Stores Must Spend Big as Consumers Go Online

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Dec. 12 (Bloomberg) –- Bloomberg’s Charles Allen reports on the outlook for retail for 2014. He speaks to Anna Edwards and Mark Barton on Bloomberg Television’s “Countdown.” (Source: Bloomberg)

Traditional retailers?

Fear and greed always.

The traditional retailers, people fear that the internet retailers will eat their lunch, dinner, everything else and just take them away.

They are being reworded on sales growth rather than particularly on profit growth.

People are sort of investing in them as well.

They think these are proven winners were proven survivors and they have endless sales growth.

People want to be part of that.

It is feared you will not earn these stocks as they continue to outperform.

David was just telling us the story about metro not selling anything online and it seems quite startling, but where are the companies that are ahead of the curve and have so many platforms for multiple devices and the companies that are behind?

Retro is a really interesting example.

The electronics business had this great business model through the late 1990's and early 2000's with a gave ownership worth 10% to the store manager and he chose prices ended selection, which is great, but as soon as you go online, it creates this huge conflict because who is earning the online sales?

Who is setting the pricing policy?

Does the store have to match the range?

That was the problem.

They had tried it before but it had not worked.

I think if we are looking, there are some legacy retailers, some of whom are in trouble in other ways.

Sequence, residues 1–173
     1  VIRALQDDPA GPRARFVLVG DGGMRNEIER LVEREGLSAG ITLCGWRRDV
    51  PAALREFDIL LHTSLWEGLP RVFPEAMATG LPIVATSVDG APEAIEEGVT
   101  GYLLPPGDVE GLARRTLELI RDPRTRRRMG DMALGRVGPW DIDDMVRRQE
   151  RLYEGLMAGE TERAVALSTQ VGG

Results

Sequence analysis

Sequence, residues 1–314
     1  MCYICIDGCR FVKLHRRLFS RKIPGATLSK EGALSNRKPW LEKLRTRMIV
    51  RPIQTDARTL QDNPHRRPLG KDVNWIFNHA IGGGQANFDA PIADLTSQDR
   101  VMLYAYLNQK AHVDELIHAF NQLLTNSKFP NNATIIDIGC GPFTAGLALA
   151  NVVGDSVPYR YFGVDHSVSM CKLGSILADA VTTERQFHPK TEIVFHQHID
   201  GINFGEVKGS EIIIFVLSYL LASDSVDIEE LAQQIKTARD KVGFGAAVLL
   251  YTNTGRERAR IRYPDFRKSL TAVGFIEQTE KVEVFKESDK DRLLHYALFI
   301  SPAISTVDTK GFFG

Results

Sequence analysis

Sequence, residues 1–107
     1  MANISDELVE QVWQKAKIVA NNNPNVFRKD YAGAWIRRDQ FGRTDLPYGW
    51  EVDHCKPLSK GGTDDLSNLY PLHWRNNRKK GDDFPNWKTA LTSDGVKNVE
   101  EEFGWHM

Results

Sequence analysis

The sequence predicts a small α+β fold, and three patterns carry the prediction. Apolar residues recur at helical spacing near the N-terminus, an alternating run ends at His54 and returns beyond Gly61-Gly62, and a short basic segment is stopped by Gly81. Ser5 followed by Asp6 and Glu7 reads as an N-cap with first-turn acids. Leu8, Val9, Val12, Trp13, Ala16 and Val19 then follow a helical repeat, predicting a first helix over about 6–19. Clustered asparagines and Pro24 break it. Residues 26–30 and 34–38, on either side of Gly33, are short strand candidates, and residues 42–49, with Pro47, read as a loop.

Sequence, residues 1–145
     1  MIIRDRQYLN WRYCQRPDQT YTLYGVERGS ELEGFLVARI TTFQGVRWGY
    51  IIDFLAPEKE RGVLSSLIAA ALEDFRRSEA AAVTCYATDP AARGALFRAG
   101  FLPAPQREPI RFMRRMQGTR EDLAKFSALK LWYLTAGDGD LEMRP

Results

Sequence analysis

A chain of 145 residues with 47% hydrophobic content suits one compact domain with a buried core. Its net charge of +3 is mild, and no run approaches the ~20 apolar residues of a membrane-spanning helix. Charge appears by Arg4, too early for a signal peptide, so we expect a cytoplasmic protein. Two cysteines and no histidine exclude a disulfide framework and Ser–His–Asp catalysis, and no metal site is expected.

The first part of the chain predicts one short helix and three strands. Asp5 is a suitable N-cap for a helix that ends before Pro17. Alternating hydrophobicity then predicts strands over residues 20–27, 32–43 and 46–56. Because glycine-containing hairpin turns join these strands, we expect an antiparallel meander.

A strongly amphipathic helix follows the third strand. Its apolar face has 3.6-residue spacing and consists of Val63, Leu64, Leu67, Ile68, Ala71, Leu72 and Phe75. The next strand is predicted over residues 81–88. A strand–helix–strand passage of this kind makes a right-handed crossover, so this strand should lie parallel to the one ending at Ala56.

In 2014, it will be 20 years since tesco did their first online transaction from supermarket in gateshead.

You are you speeds things up you plug into a phone line.

You can look at next as well.

I remember them setting up their internet platform and they asked how much they spent on that and a few hundred thousand pounds and they said it was not enough.

You should have wasted loads more money.

You have some of these people who have been really embedded into the business and then you have people who are moving much more rapidly and have decided they need to get online very quickly.

What is the internet asset?

Or a long time, it was asset- light and amazon was the most obvious example with just one or two to warehouse and shipping everything but more recently as demand has gotten more competitive and people want things quicker, the accept amazon has just shot ahead and they need to build more warehouse is to where people are.

Asos bumped up their guidance for the next few years and now it's $55 million.

The to sales ratio is not that different from traditional brick-and-mortar now.

-- the cap x sales ratio is not that different.

Quebec shareholders are happy to fund the investment and sales growth.

The question is what happens to the margins?

Will we see margins beat all of the traditional brick-and-mortar retailers as the amount goes up the?

Thanks, john.

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